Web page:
We are taken from the unveiling of the design at the Metro Toronto Zoo to the first transaction at Ben’s Deli in Montreal to the actual production where we see the stamping process of the double feed presses. Short glimpses show us the engraving and the reduction process to create the master die and the feeding of the blanks into the striking chamber.
At a total of 12 minutes, you might wish to combine it with another program (such as another video produced by the Royal Canadian Mint, or a short presentation by one of the club members).
Catalogue No: V-102 (length: 15:00)
Excellent backgrounder on the design selection and minting of one of the Royal Canadian Mint’s most ambitious coin projects: The 12 quarters and 1 dollar commemorating the 125th anniversary of Canada’s birth, that saw the Winnipeg mint work 24 hours a day, 7 days a week, to keep up with demand. The video interviews some of the 11 judges that coped with the 11,003 entries, as well as naming the designers (can you name even one of them?).
The initial announcement called for invitations for designs depicting the diversity, vastness and beauty of the vistas that make Canada unique…and often envied. Although most Canadians are familiar with Peggy’s Cove and Percè Rock that grace two of the 25 cent pieces, we find out about the provinces whose landscapes include some fantastic natural formations and other landmarks that might not have been well-known to most Canadians. We also see glimpses of a number of non-winning designs.
Catalogue No: V-103 (length: 25:30)
The first 10½ minutes take a brief look at the history of the mint and the various production phases from raw material handling to striking, from engraving to die making. Numerous commemorative coin designs issued over the years are shown, while the engraving of master dies, polishing of working dies, striking of the blanks and the mint’s refinery is also covered. We also see some faces from those responsible for creating Canada’s coinage.
The second part, 10 minutes long, covers the beauty of Canada’s collector’s coins. It opens with a brief discussion of the selected themes (i.e. historical events or transportation as well as more global subjects such as peace and Olympics).
Isn’t that James Earl Jones narrating the video, long before the American Numismatic Association got a hold of him for one of their productions?
Part 3, at 5 minutes, is a promotional video of the sort of things the mint strikes for others: transit tokens, trade dollars, medallions, commemorative coins, lapel pins and jewellery. Medallic art produced for Molson, Xerox, Inco, McDonalds, Chuck E. Cheese, University of Ottawa, University of Manitoba, Royal Society of Canada and others are shown.
Catalogue No: V-104 (length: 11:00)
For the 1992 winter Olympics, awarded to Albertville, France, the host country’s mint, the Monnaie de Paris (Paris Mint), produced a total of ten pieces commemorating the event. The first 6½ minutes cover these coins, one for each of the 9 competitive winter events in silver, one in gold only (honouring the Baron that was responsible for reviving the Olympics 100 years earlier).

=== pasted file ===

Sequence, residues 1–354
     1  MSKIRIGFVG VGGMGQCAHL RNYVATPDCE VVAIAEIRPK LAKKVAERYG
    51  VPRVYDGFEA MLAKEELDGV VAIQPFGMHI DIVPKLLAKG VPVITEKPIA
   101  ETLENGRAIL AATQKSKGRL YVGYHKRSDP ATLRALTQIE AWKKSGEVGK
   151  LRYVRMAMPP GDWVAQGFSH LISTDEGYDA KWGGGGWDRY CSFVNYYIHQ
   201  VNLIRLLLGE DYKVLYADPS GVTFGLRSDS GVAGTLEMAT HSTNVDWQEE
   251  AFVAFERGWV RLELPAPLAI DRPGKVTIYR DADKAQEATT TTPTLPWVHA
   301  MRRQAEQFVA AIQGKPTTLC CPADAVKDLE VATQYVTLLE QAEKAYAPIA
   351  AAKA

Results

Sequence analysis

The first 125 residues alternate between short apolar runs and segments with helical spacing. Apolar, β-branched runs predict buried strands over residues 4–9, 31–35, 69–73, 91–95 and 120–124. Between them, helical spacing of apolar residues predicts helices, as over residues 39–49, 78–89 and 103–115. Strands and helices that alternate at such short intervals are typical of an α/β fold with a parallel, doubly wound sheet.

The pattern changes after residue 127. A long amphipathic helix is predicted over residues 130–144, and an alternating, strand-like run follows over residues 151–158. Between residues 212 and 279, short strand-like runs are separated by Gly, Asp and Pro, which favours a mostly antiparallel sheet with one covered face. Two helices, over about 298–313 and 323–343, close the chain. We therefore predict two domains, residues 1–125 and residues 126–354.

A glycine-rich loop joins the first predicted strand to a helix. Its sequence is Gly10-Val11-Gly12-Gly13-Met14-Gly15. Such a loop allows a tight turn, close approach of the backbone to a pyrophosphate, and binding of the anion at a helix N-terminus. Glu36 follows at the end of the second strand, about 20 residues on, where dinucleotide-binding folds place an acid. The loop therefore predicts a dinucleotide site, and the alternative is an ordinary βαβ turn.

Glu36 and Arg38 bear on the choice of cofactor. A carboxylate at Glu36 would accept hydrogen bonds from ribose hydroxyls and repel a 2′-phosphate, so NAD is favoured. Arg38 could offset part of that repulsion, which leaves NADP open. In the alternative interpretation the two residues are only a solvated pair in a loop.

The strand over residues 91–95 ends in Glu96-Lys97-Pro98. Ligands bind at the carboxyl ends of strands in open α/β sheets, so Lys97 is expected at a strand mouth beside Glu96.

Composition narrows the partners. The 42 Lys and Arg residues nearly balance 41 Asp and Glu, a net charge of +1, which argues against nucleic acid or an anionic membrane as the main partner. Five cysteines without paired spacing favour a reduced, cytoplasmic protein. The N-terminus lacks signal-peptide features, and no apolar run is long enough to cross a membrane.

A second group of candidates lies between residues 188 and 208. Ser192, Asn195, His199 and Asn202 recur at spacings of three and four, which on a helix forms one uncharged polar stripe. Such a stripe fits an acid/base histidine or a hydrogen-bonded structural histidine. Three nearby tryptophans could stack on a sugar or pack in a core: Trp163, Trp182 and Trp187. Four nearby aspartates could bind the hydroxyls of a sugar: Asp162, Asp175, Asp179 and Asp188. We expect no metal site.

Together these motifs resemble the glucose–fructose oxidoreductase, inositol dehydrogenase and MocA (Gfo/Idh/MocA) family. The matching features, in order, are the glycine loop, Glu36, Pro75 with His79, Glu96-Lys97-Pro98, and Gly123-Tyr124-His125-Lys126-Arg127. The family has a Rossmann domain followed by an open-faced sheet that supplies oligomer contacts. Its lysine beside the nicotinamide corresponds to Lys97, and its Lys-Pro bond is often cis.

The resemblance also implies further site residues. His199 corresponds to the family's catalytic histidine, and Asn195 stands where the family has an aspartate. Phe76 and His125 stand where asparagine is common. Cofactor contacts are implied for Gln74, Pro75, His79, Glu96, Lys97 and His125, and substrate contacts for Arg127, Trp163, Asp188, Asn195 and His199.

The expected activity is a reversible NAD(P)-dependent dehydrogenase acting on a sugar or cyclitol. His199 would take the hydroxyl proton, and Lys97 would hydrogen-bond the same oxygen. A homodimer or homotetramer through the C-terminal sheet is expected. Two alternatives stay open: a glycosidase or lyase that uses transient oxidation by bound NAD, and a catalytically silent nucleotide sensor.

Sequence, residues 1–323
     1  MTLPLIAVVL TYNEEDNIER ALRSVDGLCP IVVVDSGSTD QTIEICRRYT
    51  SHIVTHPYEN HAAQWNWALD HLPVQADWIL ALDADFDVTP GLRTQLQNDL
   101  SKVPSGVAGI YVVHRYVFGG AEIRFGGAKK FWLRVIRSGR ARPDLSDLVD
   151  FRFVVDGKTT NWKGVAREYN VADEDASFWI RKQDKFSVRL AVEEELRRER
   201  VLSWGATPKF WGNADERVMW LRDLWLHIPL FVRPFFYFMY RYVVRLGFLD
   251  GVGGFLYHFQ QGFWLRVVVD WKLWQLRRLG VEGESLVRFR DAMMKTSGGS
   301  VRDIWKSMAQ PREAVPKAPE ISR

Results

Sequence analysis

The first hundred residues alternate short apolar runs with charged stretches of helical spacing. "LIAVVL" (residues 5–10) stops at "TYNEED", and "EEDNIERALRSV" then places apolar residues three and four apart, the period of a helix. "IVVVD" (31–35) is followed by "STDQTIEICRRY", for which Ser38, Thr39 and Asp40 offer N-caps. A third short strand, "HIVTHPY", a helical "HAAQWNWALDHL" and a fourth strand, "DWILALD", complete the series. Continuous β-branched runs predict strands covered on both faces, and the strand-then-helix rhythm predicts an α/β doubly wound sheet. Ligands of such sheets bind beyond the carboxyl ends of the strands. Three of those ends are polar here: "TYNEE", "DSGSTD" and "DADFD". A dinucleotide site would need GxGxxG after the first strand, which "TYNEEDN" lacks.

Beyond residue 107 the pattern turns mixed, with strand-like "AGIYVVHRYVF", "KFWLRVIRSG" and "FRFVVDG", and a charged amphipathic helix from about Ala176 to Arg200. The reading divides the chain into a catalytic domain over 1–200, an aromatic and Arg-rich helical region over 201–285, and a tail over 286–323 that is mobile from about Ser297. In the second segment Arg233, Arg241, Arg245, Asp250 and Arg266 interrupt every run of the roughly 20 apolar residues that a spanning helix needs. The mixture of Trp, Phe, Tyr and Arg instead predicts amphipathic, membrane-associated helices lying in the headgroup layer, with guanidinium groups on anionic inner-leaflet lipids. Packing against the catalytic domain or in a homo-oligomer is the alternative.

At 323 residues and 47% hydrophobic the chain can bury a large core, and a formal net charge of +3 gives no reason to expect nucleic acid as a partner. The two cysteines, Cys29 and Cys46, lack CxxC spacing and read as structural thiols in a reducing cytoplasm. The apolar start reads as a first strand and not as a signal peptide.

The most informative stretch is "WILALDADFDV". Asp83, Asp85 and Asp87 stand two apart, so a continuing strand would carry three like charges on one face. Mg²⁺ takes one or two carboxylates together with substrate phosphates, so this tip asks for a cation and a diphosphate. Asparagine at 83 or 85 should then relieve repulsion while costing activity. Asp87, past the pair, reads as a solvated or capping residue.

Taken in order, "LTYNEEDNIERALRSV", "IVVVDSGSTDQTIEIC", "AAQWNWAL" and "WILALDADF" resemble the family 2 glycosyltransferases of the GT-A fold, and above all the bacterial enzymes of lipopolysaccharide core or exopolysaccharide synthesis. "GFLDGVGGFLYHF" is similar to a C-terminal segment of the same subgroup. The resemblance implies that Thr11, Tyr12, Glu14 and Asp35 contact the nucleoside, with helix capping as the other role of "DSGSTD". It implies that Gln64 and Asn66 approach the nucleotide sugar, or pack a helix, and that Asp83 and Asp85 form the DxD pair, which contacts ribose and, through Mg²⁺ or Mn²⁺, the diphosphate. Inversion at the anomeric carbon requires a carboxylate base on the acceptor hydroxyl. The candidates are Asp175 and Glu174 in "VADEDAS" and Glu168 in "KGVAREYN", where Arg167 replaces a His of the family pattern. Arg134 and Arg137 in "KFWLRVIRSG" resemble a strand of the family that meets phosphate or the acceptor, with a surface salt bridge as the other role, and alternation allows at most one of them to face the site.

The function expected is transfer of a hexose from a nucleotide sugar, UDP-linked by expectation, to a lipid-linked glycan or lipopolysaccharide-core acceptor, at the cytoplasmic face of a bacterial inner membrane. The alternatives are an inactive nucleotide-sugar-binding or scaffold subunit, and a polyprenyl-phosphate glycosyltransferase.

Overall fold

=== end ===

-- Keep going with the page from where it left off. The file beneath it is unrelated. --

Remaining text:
The creativity and originality of having the live images skate or ski into the coins whose central design is missing makes it worth watching. (We give full marks to the computer animators and editors for their creativity.) Olympic coinage is a very popular part of numismatics, especially in Canada where an Ontario collector has been invited to exhibit Olympic coins in cities where the Olympics are being held (including the 1996 Atlanta Olympics), and another Ontarian has been involved in the publication of two books about the Olympics (one covering official issues and the second featuring unofficial commemorative souvenir medals).
For the 100th anniversary of the revival of the modern Olympics, the covering body of the Olympics produced a 4½-minute video to promote the fact that 5 different countries would be issuing commemorative coins with an international theme to honour the 166 nations represented by the movement. This is featured as part 2 of this program.
There is a Canadian connection: Canada was one of the five countries issuing the 100th anniversary coins. As well, one of the scenes shows the passing of the Olympic flag at the 1998 Calgary Olympics to the new host city (for the most part opening and closing ceremonies are shown).
Actually, part 2 does not show any of the Olympic coins that were to be issued by the five countries since it was produced as a teaser for the upcoming staggered announcements by each country’s mint long before the designs were made public. It shows only the edge of a silver piece that will become the common edge design on every official Olympic coin to be issued by the five countries. It is nevertheless an interesting presentation.
Catalogue No: V-105 (length: 45:00)
We have all heard of people who have turned art into money, which happens most often when a work of art sold long after the artist is dead. But how many of us know someone that has turned money into art. In this documentary, money as art is explored in an amusing and thought provoking way.